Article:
I’ve been writing about small business for a long time, and back when I started, it was standard advice to create business plans looking far into the future—five, 10 and even 20 years.
Of course, in the last few decades, business change has been happening at the speed of light, and advice to create a 10-year or even five-year plan seems almost antiquated now. After all, you may be thinking, how can you possibly know what’s going to happen five years from now? No wonder almost two-thirds (63 percent) of small business owners don’t have a five-year plan, according to a recent survey by Staples.
But contrary to what you may think, the rapid pace of business change is the best reason of all to develop a strategic plan that allows for a variety of scenarios and plans how your business will react to them.
How do you create a five-year strategic plan?
First, get a grip on how your business is doing today. Gather your business mission and vision statements, your business plan (no matter how outdated they might be), your sales data and your financial records. Hopefully, you’re already monitoring sales, cash flow, growth and other metrics using your accounting software and dashboard tools, but if not, take some time to get all the figures together.
Now that you know where you are, where do you want to be in five years? How big do you want your business to grow? Do you want to expand your product or service line, your target market, your staff, your distribution channels? Would you like to be selling nationally or even globally?
Sometimes it’s hard to envision your business’s future that far out. If you’re having this problem, start by picturing what you want your life to look like five years from now. Do you want to be working fewer hours? Do you want to be commanding a staff of 50? Would you like more time to focus on your personal life and direct the “big picture” of the business instead of the day-to-day, or do you want to still be directly involved in your business operations? Would you like to travel the world, get married, have kids or think about retirement? Putting your personal five-year goals in writing can help you figure out what business goals you’ll need to achieve to make them happen.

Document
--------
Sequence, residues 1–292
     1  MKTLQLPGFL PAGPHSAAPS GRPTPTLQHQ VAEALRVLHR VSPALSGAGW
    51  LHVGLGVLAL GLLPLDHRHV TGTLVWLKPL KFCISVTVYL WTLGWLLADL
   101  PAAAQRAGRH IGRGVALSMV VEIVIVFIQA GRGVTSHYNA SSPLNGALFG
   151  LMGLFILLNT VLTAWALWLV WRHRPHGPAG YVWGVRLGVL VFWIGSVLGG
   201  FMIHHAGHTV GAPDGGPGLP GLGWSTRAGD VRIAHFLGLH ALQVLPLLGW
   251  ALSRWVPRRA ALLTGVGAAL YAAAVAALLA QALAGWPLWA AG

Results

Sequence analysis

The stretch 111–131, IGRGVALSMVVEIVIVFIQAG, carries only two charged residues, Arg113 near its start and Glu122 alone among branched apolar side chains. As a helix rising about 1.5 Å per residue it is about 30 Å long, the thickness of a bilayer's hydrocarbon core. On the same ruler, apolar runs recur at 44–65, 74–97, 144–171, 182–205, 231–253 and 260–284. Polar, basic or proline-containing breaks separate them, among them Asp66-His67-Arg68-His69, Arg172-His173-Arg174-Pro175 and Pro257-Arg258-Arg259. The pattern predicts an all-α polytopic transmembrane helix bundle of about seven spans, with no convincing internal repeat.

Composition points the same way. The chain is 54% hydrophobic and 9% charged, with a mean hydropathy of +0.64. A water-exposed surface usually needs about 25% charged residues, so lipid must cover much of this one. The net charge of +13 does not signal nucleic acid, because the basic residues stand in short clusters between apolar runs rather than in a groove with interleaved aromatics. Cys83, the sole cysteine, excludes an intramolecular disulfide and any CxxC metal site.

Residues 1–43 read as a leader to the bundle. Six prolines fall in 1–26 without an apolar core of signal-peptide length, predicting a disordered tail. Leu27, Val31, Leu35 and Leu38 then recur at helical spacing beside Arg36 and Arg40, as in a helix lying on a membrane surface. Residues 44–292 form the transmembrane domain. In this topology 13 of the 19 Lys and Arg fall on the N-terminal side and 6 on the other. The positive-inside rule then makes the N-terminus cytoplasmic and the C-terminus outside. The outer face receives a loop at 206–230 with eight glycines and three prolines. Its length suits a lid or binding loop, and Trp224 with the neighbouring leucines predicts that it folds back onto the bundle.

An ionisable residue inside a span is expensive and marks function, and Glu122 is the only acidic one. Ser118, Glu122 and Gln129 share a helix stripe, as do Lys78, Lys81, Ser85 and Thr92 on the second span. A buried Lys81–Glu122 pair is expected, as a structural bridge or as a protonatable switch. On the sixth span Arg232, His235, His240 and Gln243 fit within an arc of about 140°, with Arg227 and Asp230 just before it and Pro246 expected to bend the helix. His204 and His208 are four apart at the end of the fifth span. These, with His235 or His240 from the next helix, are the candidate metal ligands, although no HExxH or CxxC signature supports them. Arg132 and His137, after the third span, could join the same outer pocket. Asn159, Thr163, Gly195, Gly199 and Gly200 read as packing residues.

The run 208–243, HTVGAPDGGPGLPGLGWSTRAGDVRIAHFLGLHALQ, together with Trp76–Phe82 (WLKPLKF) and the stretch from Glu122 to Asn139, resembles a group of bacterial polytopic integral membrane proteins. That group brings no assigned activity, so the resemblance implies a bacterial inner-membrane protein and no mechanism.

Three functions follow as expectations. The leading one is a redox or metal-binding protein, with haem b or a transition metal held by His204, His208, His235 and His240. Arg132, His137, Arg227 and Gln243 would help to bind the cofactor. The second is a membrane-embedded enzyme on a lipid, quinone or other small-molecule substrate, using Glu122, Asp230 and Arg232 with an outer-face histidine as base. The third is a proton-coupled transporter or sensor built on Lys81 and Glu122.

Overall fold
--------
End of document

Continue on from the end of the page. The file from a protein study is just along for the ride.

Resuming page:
Once you’ve got personal and business five-year goals nailed down, work backward to identify what needs to happen to get you there. If you want to grow your business big enough to sell in five years, you’ll need to do things like expand sales, build a brand, delegate more and systematize so the company can run without you, and build value in the business to prepare it for sale. If you want to build a national chain, you’ll need to start by adding that second location and expanding regionally.
Working backwards from five years to set goals for three years and one year from now. Then figure out what actions you must take to reach those intermediate goals. You can also break your plan down into quarterly steps and goals. The closer you get to today, the more detailed your plan should be. For example, for the next year, you may want to list monthly goals and action items; three years out, you might list quarterly goals and actions.
Use a SWOT analysis to pinpoint your business’s strengths and weaknesses, as well as the opportunities and threats facing it from the industry, the economy and the competition. Keeping up to date on your target market/s and economic indicators will help you see troubles brewing so you can adjust your plan.
Your plan should cover all aspects of your business: marketing and sales, staffing, operations, financial projections and how you’ll generate or obtain the operating capital you need to reach your goals.
Creating a five-year strategic plan is hard work, but it’s also exciting and exhilarating. After all, you’re taking charge to make your business goals come true—what’s more rewarding than that?
Of course, your SCORE mentor can help you with every step of creating your strategic plan, and offer advice, tools and templates to help. Visit www.score.org for more.